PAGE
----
What’s Behind the Word ‘Fragrance’?

You don’t have to look very hard to come across the word “fragrance” on labels for cleaning or personal care products.  Federal regulations allow companies to list “fragrance” on everything from laundry detergent and surface cleaners to shampoo and deodorant. But what can be difficult to locate on product labels are the ingredients found in fragrance blends. The label “Fragrance” alone can often be a catch-all for multiple chemicals, some of which may be linked to allergies or other potential health effects.  

In fact, the U.S. Public Interest Research Group says that approximately 3,000 chemicals can be used to make a fragrance, some of which have been linked to cancer, reproductive and respiratory problems, and allergies.

Why Fragrance Information is Hard to Find

Fragrance blends found in everyday products can do everything from adding pleasant smells to your personal care or cleaning routine or masking less desirable smells.

So, when you look for what fragrance ingredients are being used in a product—whether you want to avoid them or learn more—you probably won't find them. Fragrance formulas are often protected as trade secrets, and their ingredients tend not to be listed on product labels. Furthermore, federal law does not require companies to disclose ingredients on cleaning product labels, including details about fragrance.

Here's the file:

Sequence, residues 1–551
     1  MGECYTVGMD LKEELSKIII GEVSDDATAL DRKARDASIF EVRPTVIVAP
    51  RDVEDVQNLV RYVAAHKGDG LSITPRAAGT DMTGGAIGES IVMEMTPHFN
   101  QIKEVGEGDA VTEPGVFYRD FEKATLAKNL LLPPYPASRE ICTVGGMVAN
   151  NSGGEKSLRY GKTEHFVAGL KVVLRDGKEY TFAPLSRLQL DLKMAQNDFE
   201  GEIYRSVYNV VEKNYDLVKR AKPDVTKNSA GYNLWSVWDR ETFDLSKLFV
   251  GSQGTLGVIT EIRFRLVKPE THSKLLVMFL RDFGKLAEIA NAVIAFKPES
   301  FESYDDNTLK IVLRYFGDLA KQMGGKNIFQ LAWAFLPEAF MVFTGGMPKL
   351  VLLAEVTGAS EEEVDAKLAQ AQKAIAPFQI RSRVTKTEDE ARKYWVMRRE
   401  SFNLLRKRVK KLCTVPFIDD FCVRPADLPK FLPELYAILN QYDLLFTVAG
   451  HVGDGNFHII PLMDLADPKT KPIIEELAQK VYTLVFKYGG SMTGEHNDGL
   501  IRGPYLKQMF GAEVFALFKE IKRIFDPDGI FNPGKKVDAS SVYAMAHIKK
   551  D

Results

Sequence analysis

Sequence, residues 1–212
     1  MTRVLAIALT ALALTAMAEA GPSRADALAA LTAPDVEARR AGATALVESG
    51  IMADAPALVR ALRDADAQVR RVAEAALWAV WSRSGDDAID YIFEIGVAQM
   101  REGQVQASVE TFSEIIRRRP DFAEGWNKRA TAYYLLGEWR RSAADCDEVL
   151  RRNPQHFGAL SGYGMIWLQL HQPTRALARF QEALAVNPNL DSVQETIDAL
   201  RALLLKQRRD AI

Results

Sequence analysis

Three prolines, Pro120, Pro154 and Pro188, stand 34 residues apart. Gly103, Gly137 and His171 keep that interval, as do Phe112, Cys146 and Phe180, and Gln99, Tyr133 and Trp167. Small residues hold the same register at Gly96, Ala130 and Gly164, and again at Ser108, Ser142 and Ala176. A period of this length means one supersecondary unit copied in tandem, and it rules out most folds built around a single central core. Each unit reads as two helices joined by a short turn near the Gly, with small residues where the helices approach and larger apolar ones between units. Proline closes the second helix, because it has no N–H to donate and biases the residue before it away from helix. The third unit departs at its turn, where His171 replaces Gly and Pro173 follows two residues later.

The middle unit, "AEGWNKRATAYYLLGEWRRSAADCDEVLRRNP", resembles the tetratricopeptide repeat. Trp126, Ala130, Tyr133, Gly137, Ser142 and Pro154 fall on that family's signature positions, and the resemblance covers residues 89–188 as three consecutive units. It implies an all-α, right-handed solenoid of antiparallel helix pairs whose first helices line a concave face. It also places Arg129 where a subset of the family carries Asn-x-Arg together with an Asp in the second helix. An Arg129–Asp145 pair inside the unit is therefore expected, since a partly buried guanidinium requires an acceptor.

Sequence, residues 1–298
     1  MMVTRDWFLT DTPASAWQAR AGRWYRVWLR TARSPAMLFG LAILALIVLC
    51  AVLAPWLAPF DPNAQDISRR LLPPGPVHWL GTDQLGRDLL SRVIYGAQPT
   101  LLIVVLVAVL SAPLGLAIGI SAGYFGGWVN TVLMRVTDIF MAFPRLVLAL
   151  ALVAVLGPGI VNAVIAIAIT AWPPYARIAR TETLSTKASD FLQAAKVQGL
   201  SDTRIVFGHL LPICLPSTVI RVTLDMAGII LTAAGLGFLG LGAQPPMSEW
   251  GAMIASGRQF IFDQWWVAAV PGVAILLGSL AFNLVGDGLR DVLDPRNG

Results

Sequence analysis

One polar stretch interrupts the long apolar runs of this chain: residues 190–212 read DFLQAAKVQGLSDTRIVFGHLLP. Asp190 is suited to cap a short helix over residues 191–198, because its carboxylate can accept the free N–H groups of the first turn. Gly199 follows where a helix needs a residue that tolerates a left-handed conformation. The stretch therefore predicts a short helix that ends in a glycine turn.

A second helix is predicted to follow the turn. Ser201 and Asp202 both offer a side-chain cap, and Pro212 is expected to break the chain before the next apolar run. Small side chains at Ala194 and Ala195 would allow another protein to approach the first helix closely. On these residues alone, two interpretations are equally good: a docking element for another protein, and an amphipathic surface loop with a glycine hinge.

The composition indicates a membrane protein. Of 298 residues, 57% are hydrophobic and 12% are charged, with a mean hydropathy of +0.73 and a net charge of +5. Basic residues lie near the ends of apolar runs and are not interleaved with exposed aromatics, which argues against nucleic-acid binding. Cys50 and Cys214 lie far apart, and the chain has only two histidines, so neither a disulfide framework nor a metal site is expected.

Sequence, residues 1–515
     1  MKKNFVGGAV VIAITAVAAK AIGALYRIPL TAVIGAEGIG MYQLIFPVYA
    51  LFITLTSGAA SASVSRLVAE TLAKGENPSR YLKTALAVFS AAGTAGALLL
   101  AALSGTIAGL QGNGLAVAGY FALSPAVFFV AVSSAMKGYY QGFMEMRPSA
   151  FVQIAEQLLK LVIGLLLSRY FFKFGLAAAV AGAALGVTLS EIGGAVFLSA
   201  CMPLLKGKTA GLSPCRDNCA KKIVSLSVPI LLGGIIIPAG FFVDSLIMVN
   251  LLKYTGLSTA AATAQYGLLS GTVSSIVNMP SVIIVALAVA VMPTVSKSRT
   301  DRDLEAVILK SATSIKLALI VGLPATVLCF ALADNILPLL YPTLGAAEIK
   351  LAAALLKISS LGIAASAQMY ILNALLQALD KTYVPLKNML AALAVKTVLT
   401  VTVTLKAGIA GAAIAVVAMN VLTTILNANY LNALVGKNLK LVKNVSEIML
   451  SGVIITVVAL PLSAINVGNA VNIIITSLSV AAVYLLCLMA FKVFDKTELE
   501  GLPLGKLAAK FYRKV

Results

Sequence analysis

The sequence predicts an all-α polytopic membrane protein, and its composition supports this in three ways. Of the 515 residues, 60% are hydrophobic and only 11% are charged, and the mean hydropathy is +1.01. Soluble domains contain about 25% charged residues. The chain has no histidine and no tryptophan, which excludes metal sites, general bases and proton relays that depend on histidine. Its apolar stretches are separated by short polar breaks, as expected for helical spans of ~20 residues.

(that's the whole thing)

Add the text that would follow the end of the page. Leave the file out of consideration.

Fortunately, progress is being made to give consumers the right to know.

Here’s what’s been happening in Congress and at individual companies across the US:

  • In May, Representative Raul Ruiz introduced The Federal Cleaning Products Right to Know Act (H.R.2728), bringing the fight for industry-wide ingredient disclosure in cleaning products back to the federal level. The Cleaning Product Right to Know Act requires manufacturers of both consumer household and industrial cleaning products to disclose all intentionally-added ingredients, including fragrances, on their product labels and websites.
  • Senator Ricardo Lara (D-CA) introduced in February the California Cleaning Product Right to Know Act (SB 258), which calls for manufacturers to disclose a product’s ingredients and contaminants of concern in order of concentration—including the chemicals used in fragrance mixtures—on both on the product label and online.
  • In January, Target Corp. unveiled a new chemical policy to eliminate and disclose certain harmful chemicals from their products. Target’s new policy will phase out a wide range of chemicals of concern, including phthalates, certain parabens, and formaldehyde-donors, and also sets a goal to disclose all fragrance ingredients in personal care products by 2020.
  • Our parent company, Unilever, announced in February a new initiative to provide detailed information on fragrance ingredients for all products in its portfolio of personal care brands by 2018.

The Right to Know

It’s important to remember that listing fragrances on product labels won’t enhance a product’s safety. But what ingredient disclosure will do is give consumers the right to choose what they use in their homes and around their families. When it comes to fragrances, disclosure allows consumers to avoid ingredients they are not comfortable using. Consumers have the right to know which what exactly they are being exposed to, and how to stay away from ingredients that may cause allergic reactions or other health effects.

We all have a right to know what’s in the products we use around our homes, families, pets and ourselves. Learn more about our fight for the industry to #ComeClean about the ingredients they use.